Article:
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dc.contributor.authorHaeger, Steven D.
dc.contributor.authorSzczechowski, Carl
dc.contributor.authorCarron, Michael
dc.contributor.authorChu, Peter C.
dc.contributor.authorWells, Susan K.
dc.date1997-03
dc.date.accessioned2013-09-11T23:03:15Z
dc.date.available2013-09-11T23:03:15Z
dc.date.issued1997-03
dc.identifier.citationChu, P.C., S.K. Wells, S.D. Haeger, C. Szczechowski, and M. Carron: 1997: Temporal and spatial scales of the Yellow Sea thermal variability (paper download). Journal of Geophysical Research, American Geophysical Union, 102, 5655-5668.
dc.identifier.urihttp://hdl.handle.net/10945/36209
dc.descriptionJournal of Geophysical Research, American Geophysical Unionen_US
dc.description.abstractThis paper presents an analysis on the space/time statistical thermal structure in the Yellow Sea from the Navy's Master Observation Oceanography Data Set during 1929-1991. This analysis is for the establishment of an Optimum Thermal Interpolation System of the Yellow Sea (a shallow sea), for the assimilation of observational data into the design of an optimum observational network. After quality control the data set consists of 35,658 profiles. Sea surface temperatures at 50% and 80% water depths are presented here as representing the thermal structure of surface, middepth, and near-bottom layers. In the Yellow Sea shelf the temporal and spatial signals fluctuate according to the Asian monsoon. Variation of surface forcing from winter to summer monsoon season causes the change of the thermal structure, including the decorrelation scales. Our computation shows that the seasonal variation of the surface horizontal decorrelation scale is around 90 km from 158 km in winter to 251 km in summer and the seasonal variation of the surface temporal decorrelation scale is around 2.4 days from 14.7 days in winter to 12.3 days in summer. The temporal decorrelation scale increases with depth in both summer (evident) and winter (slight). The near-bottom water (sigma = 0.8) has the longest temporal scale in summer, which could be directly related to the existence of the Yellow Sea Cold Water throughout the summer in the middle of the Yellow Sea. The temporal and spatial decorrelation scales obtained in this study are useful for running optimum interpolation models and for designing an optimum observational network. The minimum sampling density required to detect thermal variability in the Yellow Sea shelf would be 50-80 km and 4-6 day intervals per temperature measurement with the knowledge that the subsurface features will also be adequately sampled.en_US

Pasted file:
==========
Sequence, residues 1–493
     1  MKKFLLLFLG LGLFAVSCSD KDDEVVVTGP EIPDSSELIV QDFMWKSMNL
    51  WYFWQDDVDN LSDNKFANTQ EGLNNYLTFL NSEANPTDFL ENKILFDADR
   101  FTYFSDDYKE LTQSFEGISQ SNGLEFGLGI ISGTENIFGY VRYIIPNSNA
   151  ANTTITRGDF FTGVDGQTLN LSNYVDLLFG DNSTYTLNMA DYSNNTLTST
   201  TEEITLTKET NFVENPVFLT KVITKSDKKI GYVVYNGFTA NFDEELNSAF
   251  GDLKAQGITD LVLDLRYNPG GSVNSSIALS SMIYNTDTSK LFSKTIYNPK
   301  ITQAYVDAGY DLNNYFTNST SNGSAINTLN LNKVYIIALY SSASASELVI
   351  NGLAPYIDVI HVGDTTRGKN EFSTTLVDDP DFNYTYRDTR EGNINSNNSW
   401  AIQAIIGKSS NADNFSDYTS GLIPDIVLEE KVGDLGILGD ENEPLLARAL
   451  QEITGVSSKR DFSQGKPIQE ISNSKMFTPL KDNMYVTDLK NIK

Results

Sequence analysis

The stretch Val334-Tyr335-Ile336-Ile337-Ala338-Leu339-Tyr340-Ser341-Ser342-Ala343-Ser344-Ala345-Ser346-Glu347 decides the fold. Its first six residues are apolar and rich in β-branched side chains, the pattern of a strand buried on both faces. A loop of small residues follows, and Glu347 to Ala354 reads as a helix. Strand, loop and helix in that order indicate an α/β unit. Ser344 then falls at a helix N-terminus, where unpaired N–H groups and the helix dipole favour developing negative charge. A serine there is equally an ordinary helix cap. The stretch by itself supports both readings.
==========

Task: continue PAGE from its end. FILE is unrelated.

dc.rightsThis publication is a work of the U.S. Government as defined in Title 17, United States Code, Section 101. As such, it is in the public domain, and under the provisions of Title 17, United States Code, Section 105, may not be copyrighted.en_US
dc.titleTemporal and spatial scales of the Yellow Sea thermal variabilityen_US
dc.typeArticleen_US
dc.contributor.departmentOceanographyen_US


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